It should be of comfort to business, the Irish, the anxious remainers, anxious leavers and others that the long awaited white paper is expected out of Chequers this Friday. I'm completely confident this will allay all fears any of them may have.

Frictionless trade, no Irish border, free to make trade deals, access to selected EU agencies, no A50 extension or further transition - It took May and her government some time (2 years) to balance these objectives, but ok, admittedly it was more complex than first thought. It will also give EU the direction they have been requesting.

I predict group hugs between combatants on the betfair politics forum by midweek next week.
Report bigpoppapump July 5, 2018 9:24 AM BST
list would have been longer if he'd waited a day: JLR the latest to issue a pretty concerning warning about their future.

Plain
Report mrtopnotch July 5, 2018 11:39 AM BST
Jaguar-Land Rover say that £80 billion UK investment and 300,000 jobs at risk if their is a hard Brexit as tariffs would cost it £1.2 billion a year.Financial Times.

But hey fishing rights and blue passportsWinkCrazy
Report mrtopnotch July 5, 2018 11:43 AM BST
European Commission President Jean-Claude Juncker on Tuesday (3 July) said the EU stood firmly with Ireland in Brexit talks, just ahead of a crunch UK cabinet meeting which he said the bloc will follow closely.

Juncker addressed the European Parliament at the start of a crucial week for British Prime Minister Theresa May who will gather her divided ministers on Friday in her latest attempt to find a common position on the trade relations Britain wants with the EU after Brexit.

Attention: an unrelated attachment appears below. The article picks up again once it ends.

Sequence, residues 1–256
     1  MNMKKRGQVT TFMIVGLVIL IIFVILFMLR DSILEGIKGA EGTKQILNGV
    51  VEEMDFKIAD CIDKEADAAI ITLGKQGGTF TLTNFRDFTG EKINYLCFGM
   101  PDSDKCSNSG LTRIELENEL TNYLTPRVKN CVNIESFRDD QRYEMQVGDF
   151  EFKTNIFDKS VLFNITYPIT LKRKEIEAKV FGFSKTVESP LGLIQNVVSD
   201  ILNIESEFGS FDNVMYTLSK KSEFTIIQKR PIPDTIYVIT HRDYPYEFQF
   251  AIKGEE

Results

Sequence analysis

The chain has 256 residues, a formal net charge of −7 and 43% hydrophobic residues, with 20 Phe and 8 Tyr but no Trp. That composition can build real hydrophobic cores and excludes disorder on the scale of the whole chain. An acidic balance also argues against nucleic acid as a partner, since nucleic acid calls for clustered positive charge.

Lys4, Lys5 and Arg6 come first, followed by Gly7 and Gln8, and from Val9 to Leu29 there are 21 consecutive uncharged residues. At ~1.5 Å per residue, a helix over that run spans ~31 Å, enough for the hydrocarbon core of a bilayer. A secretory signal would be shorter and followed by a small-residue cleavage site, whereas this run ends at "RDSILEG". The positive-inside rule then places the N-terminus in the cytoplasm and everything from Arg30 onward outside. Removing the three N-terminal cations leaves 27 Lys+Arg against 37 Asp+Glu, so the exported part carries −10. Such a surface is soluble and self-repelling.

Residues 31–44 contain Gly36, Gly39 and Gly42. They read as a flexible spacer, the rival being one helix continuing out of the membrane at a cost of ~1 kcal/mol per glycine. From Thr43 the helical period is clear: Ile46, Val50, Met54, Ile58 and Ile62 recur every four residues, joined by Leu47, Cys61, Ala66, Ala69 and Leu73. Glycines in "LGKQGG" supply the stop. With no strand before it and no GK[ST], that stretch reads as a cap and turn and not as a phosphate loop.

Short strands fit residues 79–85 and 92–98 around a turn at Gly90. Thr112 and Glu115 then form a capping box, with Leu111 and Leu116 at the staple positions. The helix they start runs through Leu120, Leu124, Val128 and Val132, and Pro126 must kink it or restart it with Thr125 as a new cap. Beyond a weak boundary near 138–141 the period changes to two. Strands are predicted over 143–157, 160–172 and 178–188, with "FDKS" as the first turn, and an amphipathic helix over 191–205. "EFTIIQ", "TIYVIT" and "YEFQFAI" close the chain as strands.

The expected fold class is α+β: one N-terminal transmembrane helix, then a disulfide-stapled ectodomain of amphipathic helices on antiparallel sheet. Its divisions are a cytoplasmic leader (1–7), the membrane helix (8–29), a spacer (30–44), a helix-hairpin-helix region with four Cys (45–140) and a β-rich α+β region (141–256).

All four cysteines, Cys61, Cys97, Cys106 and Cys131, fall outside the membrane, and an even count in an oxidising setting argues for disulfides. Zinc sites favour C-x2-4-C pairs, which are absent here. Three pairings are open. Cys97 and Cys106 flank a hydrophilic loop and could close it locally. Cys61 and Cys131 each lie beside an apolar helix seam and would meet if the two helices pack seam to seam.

“We have been waiting for months for the White Paper of 10 Downing Street and we will analyse it on its merits,” Juncker said in French, referring to the May government’s expected proposal.

“But I want to say here that we will not accept the isolation of the Irish question so that it remains the only unresolved issue at the end of the negotiations,” he said.

“All of us, we are Irish,” concluded Juncker, this time speaking in English Laugh

Juncker’s comments reflected the EU’s refusal to advance on trade talks until a breakthrough is found on the stalled question of how to avoid border checks between British Northern Ireland and the Republic of Ireland after Brexit.

European Union president Donald Tusk also urged May to deliver when she assembles her warring ministers at her Chequers country retreat.

“We are now looking forward to the White Paper from the UK, and we very much hope that it will bring the necessary clarity, realism, and impetus to these negotiations,” Tusk told MEPs.

However, Tusk concurred with Juncker that this must come with a satisfying answer on Ireland as well.

“The sooner we get a precise UK proposal on the Irish border, the better the chance to finalise the Brexit negotiations this year,” he said.
In the buildup to her make-or-break cabinet meeting, the embattled Mrs May met on Tuesday with Dutch Prime Minister Mark Rutte, which will be followed by a meeting with German Chancellor Angela Merkel on Thursday.

Less than nine months before Britain leaves the EU in March 2019, the government has yet to set out exactly what it wants, and progress in the negotiations remains slow